The coalition calls for the full implementation of the laws
The Health Coalition Aotearoa (HCA), an organisation concerned with addressing the health prevention gap in Aotearoa, has expressed its disappointment regarding the new coalition government’s plan to repeal smoke-free laws.
New Zealand’s smoke-free laws amendment notably included the measures of denicotisation of cigarettes, reduction of retailers, and the banning of tobacco sales for the next generation.
The coalition government’s move to repeal the smoke-free amendment will remove the measures before March 2024, according to Nicola Willis, the new finance minister, as reported in an article by The Guardian. The revenue gathered from cigarette sales will go towards the coalition’s tax cuts.
“The Coalition Government’s Smoke-free Amendment repeal will cost thousands of lives and have the greatest effect on Māori – who have the highest rates of smoking (19%),” said Lisa Te Morenga, HCA co-chair, in the organisation’s news release.
“This is major loss for public health, and a huge win for the tobacco industry – whose profits will be boosted at the expense of Kiwi lives,” said Boyd Swinburn, HCA co-chair.
Swinburn noted that the move was astounding since Shane Reti, the incoming minister of health, had previously expressed his support for denicotisation. The smoke-free amendments were also highly supported by the health sector and the New Zealand public.
“The National Party campaigned on ‘better health outcomes’ and said it would ‘relentlessly focus on results’ – but this goal would be completely undermined by the repeals,” said Swinburn.
Tobacco was among the causes of almost one-third of the preventable health losses in New Zealand along with alcohol and unhealthy food consumption.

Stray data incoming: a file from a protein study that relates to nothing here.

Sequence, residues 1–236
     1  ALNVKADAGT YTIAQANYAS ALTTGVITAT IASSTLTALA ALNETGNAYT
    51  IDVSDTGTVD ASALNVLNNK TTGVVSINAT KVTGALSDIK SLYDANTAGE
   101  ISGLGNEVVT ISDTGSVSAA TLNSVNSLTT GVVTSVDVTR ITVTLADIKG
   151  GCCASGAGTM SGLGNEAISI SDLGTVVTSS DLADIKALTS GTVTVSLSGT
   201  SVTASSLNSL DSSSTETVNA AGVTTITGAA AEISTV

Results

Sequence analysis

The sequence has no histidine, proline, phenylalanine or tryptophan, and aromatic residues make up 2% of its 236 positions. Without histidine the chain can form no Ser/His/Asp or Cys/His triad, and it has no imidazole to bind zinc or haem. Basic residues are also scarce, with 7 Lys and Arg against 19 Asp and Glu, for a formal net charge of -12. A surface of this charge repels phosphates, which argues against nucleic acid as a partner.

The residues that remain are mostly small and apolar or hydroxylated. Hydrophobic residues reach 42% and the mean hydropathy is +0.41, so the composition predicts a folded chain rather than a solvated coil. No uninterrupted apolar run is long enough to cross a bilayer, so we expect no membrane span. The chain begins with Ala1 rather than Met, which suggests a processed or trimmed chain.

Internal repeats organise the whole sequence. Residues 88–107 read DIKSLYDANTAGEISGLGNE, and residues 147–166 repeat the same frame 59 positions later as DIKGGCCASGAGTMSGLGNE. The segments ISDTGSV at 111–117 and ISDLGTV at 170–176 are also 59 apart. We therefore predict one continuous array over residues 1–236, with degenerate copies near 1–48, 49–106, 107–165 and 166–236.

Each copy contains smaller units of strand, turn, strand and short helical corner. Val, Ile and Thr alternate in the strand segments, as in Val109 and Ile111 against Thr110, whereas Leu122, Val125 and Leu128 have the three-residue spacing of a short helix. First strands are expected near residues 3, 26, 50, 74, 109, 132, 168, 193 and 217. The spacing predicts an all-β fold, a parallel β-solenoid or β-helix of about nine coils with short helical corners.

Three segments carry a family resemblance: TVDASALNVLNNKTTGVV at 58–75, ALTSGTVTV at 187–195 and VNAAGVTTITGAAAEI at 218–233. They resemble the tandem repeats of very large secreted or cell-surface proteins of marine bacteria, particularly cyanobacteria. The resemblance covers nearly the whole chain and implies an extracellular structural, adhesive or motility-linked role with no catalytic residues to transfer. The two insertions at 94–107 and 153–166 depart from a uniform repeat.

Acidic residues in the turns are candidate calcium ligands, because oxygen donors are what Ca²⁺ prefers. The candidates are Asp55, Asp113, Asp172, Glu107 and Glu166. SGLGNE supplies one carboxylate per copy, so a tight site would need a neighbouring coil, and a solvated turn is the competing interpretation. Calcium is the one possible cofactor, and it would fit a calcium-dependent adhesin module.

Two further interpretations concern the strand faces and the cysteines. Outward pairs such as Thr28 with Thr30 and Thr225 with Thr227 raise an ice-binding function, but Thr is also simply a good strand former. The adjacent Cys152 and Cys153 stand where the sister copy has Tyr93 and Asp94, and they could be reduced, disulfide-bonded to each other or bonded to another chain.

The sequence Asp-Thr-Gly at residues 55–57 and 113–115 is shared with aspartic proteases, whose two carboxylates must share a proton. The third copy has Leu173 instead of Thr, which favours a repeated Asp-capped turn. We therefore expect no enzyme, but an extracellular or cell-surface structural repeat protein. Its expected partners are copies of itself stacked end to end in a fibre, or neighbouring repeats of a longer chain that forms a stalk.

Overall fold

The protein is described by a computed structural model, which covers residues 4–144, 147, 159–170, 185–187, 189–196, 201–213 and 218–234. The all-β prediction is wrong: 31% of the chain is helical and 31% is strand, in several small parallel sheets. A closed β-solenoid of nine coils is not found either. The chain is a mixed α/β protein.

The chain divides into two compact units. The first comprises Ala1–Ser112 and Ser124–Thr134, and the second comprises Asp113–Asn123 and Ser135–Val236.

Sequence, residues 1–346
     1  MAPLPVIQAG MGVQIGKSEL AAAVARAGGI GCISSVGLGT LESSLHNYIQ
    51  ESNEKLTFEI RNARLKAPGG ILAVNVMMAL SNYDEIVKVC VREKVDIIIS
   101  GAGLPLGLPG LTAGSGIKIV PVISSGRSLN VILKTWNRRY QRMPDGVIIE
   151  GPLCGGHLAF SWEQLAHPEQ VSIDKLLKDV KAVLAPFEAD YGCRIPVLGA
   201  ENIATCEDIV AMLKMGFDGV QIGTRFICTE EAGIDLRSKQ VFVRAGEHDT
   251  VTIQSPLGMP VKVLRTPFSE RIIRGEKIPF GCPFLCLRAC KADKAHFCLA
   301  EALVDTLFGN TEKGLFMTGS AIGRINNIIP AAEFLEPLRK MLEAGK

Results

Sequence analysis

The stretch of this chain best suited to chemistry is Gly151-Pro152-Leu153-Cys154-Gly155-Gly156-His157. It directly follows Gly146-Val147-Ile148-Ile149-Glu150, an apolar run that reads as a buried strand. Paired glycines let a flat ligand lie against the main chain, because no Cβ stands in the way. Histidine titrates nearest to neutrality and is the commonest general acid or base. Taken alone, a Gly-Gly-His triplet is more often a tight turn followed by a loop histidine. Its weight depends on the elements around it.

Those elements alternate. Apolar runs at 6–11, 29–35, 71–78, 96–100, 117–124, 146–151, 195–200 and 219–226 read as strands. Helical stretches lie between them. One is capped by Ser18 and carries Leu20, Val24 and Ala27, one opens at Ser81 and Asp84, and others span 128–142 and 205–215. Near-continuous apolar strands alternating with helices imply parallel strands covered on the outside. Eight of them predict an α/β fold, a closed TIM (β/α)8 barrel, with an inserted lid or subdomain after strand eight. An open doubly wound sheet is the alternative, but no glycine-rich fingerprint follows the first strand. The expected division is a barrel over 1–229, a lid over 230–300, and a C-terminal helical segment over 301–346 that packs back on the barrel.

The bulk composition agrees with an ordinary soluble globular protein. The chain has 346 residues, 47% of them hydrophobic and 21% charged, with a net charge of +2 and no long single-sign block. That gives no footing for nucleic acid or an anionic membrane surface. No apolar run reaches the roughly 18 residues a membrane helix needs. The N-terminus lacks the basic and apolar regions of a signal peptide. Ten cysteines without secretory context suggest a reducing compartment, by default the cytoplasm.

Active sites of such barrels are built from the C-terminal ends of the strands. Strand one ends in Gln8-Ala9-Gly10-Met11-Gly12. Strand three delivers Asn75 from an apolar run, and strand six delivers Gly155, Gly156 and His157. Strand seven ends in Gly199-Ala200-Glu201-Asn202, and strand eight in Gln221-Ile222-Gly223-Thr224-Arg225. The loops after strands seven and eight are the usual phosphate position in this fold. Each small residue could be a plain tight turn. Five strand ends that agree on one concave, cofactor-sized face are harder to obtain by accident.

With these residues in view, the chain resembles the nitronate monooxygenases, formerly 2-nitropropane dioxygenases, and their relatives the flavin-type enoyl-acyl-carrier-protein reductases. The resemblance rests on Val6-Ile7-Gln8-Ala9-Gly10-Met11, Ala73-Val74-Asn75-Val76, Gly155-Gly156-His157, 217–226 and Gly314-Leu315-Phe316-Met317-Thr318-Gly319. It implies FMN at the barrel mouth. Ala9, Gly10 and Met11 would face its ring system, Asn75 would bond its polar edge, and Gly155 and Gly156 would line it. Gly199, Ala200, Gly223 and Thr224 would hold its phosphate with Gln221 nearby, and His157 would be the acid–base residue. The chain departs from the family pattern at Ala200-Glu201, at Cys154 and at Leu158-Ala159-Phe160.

A recent study found that if fully implemented, the smoke-free laws will allow the health system to save around $1.3 billion in costs over the next 20 years. It will also reduce the all-cause mortality rates by 22 percent for women and 9 percent for men.
“Turning the tide on harmful products that are entrenched in society cannot be done by individuals, or even communities,” said Te Morenga. “It takes good – and brave – population-level policies.”
The HCA provided a briefing to the incoming parliament which detailed prevention measures for its first 100 and 1000 days. It included the following:
First 100 days:
- Initiate consultation with Māori and Iwi providers about how to ensure better outcomes for Māori health, following the disestablishment of Te Aka Whai Ora
- Urgently strengthen youth vaping regulations
- With Māori leadership, implement the tobacco control measures for Smokefree 2025 (denicotinisation, retailer numbers reduction, and smokefree generation)
- Increase the alcohol levy to replace alcohol sponsorship of sports and events for a period of five years
- Commit to develop a national food and nutrition strategy within the term of Government
- Commit to baseline funding of Ka Ora, Ka Ako – the free healthy school lunches programme
- Instruct the Ministry of Health to develop and design a sugary drinks industry levy
First 1000 days:
- Achieve Smokefree Aotearoa 2025 goal for all population groups
- Implement effective regulations to reduce youth vaping
- Achieve a reduction in alcohol harm with new, Te Tiriti-centred alcohol laws
- Expand Ka Ora, Ka Ako to 50 percent of all schools
- Achieve a reduction in consumption of sugary drinks and reformulation of beverages with a 20-percent sugary drinks levy
- Progressively increase the annual investment in prevention (public health) to five percent of the health budget within the term of Government
The HCA still welcomed agreements targeting the continued prevention of youth vaping. The HCA said that it would continue monitoring progress on the new proposed regulations.